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In the days before wagons had springs and were enclosed for comfort, nearly everyone who travelled went by horseback.

The term horse applies to the whole race of Equus caballus, to an individual animal, and to the male of the species whether stoned or gelded.

Henry VIII decreed that in the interest of improving the native English horse, all male ungelded horses were to be kept in their stalls so that their breeding could be controlled. In the common way of English with such words, those in the stalls became stallions: the stalled ones.

Thus, a stallion is a male horse with all his parts intact, also called stoned or unsplayed. If he is less than four years old, he is also a colt.

A castrated male is called a gelding, also called splayed, stoneless, or unpaved (in that he hath no stones). The horse you ride every day, whether you are gentleman or lady, is probably a gelding, being more manageable than a stallion and nearly as strong.

A female horse of any age or condition is a mare, although if she is under four years old she may be called a filly.

A horse's mother is its dam, the father is its sire. A horse who services a mare is said to have sired her offspring.

When the dam drops a foal, she has given birth. A foal is a newborn horse of either sex. When it is a year old, it will be a yearling.

Horses are big beasties, and their height is expressed in hands, a standardized length of 4 inches. A 15-hand horse is 5 feet tall at the withers, the highest point on the back (the point just before it becomes the neck).


A middle-weight, somewhat stocky riding horse, also used as a pack animal, is a cob.

A pack horse can also be referred to as a sumpter horse. Such horses carry the freight and baggage that does not travel by wagons. Their gait is a foot pace or fast walk. Typical height, 15.1 hh (hands high).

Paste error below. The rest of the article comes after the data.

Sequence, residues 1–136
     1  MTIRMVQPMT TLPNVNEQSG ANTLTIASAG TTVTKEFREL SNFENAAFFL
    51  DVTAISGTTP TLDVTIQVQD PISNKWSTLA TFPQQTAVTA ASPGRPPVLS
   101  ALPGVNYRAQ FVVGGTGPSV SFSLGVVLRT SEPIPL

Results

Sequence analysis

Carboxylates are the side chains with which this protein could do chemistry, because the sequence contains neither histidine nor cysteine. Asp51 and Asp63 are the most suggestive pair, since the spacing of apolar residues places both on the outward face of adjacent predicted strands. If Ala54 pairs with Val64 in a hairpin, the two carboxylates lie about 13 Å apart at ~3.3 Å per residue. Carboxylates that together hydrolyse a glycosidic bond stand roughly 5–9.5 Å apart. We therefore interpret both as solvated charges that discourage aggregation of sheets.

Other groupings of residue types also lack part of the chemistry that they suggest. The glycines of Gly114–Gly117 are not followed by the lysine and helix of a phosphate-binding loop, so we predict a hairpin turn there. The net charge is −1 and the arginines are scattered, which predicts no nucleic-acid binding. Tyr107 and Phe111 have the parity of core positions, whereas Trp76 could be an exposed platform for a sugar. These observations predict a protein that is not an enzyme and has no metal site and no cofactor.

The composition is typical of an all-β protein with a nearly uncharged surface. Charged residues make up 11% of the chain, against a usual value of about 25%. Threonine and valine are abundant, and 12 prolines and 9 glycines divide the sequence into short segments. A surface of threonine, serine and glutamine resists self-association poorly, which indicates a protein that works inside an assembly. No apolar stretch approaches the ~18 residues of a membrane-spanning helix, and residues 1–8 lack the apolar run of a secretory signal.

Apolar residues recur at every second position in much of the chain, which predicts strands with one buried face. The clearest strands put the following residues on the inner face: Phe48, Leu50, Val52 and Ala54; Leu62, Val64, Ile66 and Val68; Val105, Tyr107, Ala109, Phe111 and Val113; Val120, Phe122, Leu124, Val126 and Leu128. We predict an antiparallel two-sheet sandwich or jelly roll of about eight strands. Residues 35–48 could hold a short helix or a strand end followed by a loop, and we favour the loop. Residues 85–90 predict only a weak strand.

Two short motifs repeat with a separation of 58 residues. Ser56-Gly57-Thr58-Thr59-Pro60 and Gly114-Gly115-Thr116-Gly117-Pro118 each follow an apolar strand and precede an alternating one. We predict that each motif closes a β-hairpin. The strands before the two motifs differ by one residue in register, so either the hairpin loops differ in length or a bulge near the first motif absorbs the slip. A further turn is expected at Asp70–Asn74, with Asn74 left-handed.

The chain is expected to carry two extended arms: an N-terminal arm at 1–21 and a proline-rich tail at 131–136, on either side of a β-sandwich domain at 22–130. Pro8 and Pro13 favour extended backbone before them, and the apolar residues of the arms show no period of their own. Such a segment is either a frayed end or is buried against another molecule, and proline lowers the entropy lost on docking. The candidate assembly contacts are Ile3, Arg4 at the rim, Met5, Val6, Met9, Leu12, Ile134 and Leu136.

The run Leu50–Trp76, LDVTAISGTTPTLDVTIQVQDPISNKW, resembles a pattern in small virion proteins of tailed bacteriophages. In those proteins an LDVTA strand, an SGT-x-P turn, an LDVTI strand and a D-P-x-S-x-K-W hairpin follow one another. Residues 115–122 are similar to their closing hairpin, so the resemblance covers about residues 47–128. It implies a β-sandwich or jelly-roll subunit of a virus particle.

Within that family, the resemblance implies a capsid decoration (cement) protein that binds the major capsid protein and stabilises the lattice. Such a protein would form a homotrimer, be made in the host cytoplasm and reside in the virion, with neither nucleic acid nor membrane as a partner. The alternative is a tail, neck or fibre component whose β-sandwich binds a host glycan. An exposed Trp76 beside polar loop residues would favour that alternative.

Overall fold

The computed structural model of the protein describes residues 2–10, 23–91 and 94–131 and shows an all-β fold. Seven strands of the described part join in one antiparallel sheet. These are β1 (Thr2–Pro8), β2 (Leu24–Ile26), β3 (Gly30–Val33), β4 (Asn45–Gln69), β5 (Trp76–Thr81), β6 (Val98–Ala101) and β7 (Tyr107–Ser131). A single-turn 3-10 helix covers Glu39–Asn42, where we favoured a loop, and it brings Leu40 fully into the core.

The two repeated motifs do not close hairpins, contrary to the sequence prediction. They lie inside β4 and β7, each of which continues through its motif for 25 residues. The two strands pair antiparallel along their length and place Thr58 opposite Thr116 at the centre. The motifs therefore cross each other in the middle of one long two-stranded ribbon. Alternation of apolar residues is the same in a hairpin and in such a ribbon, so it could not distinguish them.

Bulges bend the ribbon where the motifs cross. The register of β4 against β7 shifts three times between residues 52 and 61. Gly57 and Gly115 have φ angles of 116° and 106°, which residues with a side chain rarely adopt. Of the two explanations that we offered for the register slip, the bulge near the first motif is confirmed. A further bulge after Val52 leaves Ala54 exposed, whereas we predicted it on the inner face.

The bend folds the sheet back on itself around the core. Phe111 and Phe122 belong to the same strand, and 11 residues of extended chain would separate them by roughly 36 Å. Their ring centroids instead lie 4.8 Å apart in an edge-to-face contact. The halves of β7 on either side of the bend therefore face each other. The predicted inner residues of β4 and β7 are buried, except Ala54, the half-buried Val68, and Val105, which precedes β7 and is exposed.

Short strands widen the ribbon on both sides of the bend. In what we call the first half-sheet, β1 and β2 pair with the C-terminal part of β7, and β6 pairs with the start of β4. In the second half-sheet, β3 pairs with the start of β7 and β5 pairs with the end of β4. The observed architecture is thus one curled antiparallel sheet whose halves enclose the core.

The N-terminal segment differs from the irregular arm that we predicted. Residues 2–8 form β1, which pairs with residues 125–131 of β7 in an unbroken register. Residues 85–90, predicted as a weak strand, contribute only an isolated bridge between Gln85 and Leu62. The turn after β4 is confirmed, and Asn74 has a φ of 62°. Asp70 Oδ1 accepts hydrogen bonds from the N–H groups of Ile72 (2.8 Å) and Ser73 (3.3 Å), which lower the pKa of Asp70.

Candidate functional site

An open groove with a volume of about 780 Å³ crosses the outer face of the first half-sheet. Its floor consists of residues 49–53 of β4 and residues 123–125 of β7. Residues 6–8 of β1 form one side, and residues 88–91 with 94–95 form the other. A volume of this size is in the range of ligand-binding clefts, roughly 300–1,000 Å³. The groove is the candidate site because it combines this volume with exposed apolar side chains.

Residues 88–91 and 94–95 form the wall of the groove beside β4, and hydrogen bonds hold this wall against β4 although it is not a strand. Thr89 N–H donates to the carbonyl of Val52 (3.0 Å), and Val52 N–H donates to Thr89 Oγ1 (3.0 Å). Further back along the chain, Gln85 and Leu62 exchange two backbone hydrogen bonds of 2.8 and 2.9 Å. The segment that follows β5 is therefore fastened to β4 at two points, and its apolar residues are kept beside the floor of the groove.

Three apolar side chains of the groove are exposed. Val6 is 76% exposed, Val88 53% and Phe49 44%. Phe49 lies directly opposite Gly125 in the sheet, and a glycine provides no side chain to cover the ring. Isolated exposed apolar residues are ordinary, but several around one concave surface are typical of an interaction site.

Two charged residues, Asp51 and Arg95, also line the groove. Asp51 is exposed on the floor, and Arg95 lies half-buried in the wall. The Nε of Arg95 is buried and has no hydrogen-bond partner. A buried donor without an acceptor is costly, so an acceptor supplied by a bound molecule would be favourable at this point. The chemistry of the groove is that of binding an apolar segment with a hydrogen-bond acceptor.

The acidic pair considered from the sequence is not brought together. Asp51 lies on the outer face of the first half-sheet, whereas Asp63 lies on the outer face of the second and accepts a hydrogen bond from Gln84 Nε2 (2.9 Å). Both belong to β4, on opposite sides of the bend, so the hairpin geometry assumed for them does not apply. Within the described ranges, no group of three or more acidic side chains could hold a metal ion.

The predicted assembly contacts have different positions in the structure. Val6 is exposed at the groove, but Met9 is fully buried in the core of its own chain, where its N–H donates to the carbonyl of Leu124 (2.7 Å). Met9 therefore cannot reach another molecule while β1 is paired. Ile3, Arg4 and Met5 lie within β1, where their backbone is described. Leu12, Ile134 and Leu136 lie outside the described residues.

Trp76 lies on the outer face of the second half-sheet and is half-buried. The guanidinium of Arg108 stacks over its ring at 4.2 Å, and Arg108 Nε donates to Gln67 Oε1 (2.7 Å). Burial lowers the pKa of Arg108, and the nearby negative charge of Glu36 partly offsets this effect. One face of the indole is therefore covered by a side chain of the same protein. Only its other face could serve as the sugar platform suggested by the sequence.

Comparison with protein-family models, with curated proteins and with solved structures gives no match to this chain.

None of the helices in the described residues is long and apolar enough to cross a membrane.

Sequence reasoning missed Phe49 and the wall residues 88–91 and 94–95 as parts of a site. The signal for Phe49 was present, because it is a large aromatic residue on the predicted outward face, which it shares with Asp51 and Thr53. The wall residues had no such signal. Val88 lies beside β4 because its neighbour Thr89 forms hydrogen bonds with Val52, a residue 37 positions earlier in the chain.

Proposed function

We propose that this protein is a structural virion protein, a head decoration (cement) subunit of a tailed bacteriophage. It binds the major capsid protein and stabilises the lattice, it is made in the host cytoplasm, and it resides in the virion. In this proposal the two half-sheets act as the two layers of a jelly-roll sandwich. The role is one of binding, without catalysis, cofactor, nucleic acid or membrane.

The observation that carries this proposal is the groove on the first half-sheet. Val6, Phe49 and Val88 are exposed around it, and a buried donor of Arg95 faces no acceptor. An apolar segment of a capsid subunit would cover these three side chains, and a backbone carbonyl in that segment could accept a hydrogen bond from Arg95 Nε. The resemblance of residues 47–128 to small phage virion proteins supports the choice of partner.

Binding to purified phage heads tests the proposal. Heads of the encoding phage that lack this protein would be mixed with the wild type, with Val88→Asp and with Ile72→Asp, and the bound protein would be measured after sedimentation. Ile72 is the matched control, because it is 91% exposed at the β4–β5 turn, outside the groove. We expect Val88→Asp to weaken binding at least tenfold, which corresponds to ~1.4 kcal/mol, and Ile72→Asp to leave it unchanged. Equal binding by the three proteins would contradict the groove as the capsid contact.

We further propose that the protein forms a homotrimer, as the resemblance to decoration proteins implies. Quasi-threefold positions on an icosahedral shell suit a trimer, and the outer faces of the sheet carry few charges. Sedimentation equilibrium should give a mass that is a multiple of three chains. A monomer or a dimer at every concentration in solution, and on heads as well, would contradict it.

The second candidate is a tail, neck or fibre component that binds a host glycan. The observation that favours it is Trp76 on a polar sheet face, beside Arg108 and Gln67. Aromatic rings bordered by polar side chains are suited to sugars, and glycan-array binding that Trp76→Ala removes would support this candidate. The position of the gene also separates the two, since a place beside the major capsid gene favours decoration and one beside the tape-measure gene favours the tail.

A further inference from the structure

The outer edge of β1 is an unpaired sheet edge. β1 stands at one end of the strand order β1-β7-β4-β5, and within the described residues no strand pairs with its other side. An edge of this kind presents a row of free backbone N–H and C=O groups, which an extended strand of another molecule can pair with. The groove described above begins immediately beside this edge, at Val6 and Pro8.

Contrary to modern usage, a nag is a good reliable horse—sure-footed, strong, even-tempered and smooth-gaited. The ambling nag is the horse you choose when you're going to be in the saddle for a long trip.

A nice gentle palfrey is usually preferred by ladies.

A similarly useful animal is the hobby, a sturdy Irish breed.

A golden horse with flaxen mane, usually called an Isabella, is imported from Spain.

The jennet—sometimes genet (but not jenay)—a smooth-gaited, spotted Spanish horse with Moorish forbears, is a popular riding horse among the great and good, and often used in pageants and displays of fancy riding. Curiously, a female donkey is also called a jennet. The possibilities for humorous confusion must have been endless.

Mules were also sometimes trained for riding.

The enormous war horse that can carry a man in full plate armour is called simply a Great Horse or sometimes a horse of service. Familiar types include the Almaine (various German breeds), the Flanders (Belgian and Percheron), Frieslander (Frisian), and Neapolitan. Typical height, 14–18 hands high.

The flashy mount you choose for processions and parades is referred to as a foot-cloth horse. A trotter, it shows off its rider to great advantage and loves a crowd. It also looks fabulous (and knows it) in the fancy bardings that include the long ceremonial saddle cloth that drapes to its feet, from which this horse takes its name. It may be any breed as long as it behaves well and makes you look good.

When a horse is past its prime—old, broken down, used up and worn out—it becomes known as a jade. This term is sometimes also applied insultingly to a woman in similar condition.

You could buy a draught horse for about £3, but for the most powerful specimens you had to go to one of the regional horse fairs.

Training and care

We are not especially sentimental about animals (witness bear baiting, for example) and this insensitivity extends to the methods for training and keeping horses. Many Elizabethan methods and tools would be considered inhumane and possibly illegal today.

A bit or curb, the part of the harness placed in the horse's mouth, is a powerful piece of metal with high ports and crickets to get and keep his attention. This kind of bit requires a light hand on the reins or it can damage the horse's mouth.